Nicaragua is one of the largest Latam countries.
It shares borders with Honduras to the north and Costa Rica to the south. In addition, it has two very long coastlines.
The climate is chilly in the east and also much wetter than in the west.
The official language is Spanish. Many artists and writers call this country home.
Almost half of the people are Catholic. Another third are Protestant. Then there is a small following of Jews and Muslims.
The chief religious festival is La Purísima, a weeklong event in early December. It celebrates the Immaculate Conception. At that time, homes and workplaces often display ornate altars to the Virgin Mary.
Farming and tourism are two powerful industries in this country. In fact, farmers produce bananas, rice, sugar cane, beans, beef, poultry, coffee, cotton, and timber.
Then there’s the service sector, which employs around half of the labor force. This sector includes many services, for example
- transport, commerce, banking services
- the arts, health, and education
- restaurants and hotels
Tourism drives this sector and many others. In fact, tourism is critical. Moreover, the Los Angeles Times lauds the nation as a “tropical paradise.” It has many tourist spots, including:
- scenic routes,
- Beautiful cities such as León and Granada
Tourists can go hiking, kayaking, sightseeing, climbing, camping, and swimming. Culture, nature, and adventure are key selling points. The Masaya Volcano is another popular tourist spot.
Eco-tourism is yet another selling point, and this is a country with diverse flora and fauna. For example, tourists can visit:
- The Charco Verde Nature Reserve,
- Bosawas, one of the largest Latam rainforests
- Lake Nicaragua
The country boasts 78 protected areas. These span a fifth of the nation.
Farmers profit from tourism by letting travelers visit their coffee farms. There, they can learn about making coffee, stay overnight, and explore with a guide.
Other noteworthy industries include:
- Textiles—knit and woven fabrics, footwear.
- Cement, chemicals, oil refining, machinery, and metal products
- Drinks, food processing
- Mining – copper, silver, and gold
About three-fifths of the people live in the cities. The capital is Managua, which is the country’s largest city. Other notable urban areas are Granada, León, Matagalpa, and Bluefields. Most of the cities and industries are in the west, and so are most of the people.
Those in the east, on the other hand, farm, raise cattle and exploit timber resources.
The country’s response to the COVID-19 pandemic was lax. It decided against the lockdown measures and the strict testing policies of other countries. As a result, one US newspaper termed it “a government in denial,” and the US Department of State cautioned against travel.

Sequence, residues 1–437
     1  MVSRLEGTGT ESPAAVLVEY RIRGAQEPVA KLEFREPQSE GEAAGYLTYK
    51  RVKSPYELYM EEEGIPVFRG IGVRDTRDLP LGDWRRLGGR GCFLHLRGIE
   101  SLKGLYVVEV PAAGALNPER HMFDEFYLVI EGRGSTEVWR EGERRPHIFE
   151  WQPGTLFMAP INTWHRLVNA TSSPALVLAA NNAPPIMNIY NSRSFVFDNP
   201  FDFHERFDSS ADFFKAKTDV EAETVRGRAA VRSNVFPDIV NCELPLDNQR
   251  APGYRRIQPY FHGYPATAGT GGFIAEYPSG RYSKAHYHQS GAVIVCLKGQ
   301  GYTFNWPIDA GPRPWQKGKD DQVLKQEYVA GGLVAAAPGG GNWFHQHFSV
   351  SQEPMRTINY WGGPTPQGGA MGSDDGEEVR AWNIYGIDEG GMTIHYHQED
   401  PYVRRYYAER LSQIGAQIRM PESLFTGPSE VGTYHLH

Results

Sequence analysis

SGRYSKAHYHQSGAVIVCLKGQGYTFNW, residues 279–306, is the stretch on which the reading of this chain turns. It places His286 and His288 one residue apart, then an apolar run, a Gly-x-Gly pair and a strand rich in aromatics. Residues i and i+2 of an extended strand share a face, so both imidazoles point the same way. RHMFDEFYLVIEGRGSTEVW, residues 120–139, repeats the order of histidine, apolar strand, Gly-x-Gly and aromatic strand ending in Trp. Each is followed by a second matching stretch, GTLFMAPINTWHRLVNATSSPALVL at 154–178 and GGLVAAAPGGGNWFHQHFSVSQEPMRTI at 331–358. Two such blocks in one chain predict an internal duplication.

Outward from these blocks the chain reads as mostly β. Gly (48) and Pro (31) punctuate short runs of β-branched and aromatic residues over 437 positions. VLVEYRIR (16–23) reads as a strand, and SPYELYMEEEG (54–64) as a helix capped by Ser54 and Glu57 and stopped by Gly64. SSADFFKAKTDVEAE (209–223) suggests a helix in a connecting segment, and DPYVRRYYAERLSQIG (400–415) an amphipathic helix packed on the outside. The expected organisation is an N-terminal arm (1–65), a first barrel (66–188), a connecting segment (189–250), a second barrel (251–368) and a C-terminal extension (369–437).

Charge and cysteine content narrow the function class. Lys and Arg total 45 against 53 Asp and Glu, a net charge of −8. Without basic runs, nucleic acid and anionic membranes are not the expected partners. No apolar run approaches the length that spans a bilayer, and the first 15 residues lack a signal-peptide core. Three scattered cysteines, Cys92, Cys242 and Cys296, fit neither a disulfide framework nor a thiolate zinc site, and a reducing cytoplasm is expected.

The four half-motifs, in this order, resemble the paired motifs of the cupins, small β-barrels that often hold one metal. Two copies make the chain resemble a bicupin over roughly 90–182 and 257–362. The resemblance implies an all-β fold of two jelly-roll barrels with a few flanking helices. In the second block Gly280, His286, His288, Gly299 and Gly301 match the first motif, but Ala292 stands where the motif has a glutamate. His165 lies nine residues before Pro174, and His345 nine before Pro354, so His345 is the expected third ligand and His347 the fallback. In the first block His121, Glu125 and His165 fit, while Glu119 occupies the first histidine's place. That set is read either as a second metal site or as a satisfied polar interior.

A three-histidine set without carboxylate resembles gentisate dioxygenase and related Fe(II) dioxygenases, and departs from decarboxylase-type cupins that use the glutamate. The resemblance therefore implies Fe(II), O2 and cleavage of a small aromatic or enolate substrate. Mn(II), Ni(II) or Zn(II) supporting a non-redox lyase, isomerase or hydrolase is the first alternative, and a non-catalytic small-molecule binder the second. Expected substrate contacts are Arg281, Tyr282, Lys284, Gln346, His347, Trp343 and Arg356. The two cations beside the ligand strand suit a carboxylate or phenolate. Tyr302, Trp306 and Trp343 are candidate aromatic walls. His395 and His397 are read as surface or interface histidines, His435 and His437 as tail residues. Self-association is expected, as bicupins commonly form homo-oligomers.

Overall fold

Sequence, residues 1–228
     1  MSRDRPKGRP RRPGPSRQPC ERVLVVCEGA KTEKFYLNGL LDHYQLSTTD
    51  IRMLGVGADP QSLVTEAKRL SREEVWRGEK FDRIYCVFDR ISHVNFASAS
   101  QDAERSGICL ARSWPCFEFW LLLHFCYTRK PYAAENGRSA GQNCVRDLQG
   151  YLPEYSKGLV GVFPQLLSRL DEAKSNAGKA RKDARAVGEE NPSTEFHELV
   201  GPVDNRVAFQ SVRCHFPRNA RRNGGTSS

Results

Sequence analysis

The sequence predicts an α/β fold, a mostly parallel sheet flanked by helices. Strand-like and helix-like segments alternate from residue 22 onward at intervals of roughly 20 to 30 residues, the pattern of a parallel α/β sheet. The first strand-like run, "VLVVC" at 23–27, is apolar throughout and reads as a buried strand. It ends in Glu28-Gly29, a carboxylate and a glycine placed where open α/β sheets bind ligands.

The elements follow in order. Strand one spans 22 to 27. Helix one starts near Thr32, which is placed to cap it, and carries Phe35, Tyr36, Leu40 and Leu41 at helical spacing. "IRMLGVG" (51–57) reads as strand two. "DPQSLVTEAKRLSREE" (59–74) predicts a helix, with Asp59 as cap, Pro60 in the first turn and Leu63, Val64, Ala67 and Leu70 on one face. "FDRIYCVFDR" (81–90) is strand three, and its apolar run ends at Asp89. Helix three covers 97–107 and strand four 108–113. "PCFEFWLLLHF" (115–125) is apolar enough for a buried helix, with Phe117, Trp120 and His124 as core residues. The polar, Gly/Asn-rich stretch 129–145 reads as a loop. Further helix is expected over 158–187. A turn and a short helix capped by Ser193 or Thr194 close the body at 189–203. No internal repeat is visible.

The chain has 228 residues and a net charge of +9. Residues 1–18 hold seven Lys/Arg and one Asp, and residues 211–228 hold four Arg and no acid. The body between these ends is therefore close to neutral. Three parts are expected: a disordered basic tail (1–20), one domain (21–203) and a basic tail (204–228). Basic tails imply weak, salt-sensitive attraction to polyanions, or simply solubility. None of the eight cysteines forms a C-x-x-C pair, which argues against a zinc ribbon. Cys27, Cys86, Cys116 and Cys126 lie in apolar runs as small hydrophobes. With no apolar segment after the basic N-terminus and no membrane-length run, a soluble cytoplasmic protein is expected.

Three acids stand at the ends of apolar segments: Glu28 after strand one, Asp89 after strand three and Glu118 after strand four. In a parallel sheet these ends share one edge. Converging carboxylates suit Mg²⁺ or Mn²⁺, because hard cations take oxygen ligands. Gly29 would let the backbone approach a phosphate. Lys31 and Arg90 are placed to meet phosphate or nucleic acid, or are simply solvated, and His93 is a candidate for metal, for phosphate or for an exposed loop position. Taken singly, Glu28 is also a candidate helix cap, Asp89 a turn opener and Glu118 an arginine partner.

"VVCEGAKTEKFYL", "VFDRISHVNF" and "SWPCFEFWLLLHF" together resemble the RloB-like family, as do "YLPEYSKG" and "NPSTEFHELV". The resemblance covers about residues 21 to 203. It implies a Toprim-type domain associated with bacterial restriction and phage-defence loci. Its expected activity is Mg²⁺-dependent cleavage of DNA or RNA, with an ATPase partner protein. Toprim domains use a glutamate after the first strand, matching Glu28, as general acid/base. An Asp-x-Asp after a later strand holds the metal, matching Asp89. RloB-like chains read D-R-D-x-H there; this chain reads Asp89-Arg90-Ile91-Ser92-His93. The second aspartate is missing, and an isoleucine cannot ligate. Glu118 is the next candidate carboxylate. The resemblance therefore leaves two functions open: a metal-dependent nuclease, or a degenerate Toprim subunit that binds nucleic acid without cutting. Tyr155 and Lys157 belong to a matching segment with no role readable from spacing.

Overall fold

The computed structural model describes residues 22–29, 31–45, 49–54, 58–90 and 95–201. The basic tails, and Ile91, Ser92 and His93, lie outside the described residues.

Still, the global lockdowns hurt the country. So did the hurricanes Eta and Iota. Thus, trade and tourism shrank.
Experts expect the economy to recover soon.
Benefits and Strengths of the Market
This is a very promising Latam country, even though it’s one of the least developed. For one thing, it has strong ties with the United States. It has also signed free trade agreements with large markets such as the United States, Taiwan, and others.
Secondly, it offers a good business climate for locals and potential investors.
It is the top location in Central America for starting or closing a business and investor protection. It also ranks high for ease of doing business, and it’s easy to register a business and pay taxes.
This country is home to more than six million people. Many of them are Mestizos, a white and native mixture. The city with the most people is the capital, Managua.
Many of the country’s nationals are living abroad. Thus there is a high foreign remittance rate. Sadly, the global lockdowns caused a marked decrease in money sent home by those living abroad.
Nine-tenths of the people live in the western Pacific lowlands and nearby highlands. Others live in the Pacific, Central, and North regions. The Eastern Caribbean region makes up the remaining tenth.
The country has a young population, many of whom are under the age of 15 years.
Why Grow Your Business in the Nicaraguan Market
This is the Latam country with the lowest crime rate, as stated by Interpol and many other sources.
In addition, it has many incentives for starting and closing a business, plus it offers investor protection. The country excels in its ability to import and export. It also scores high in the measures for obtaining property and paying taxes.
About Market Research in Nicaragua
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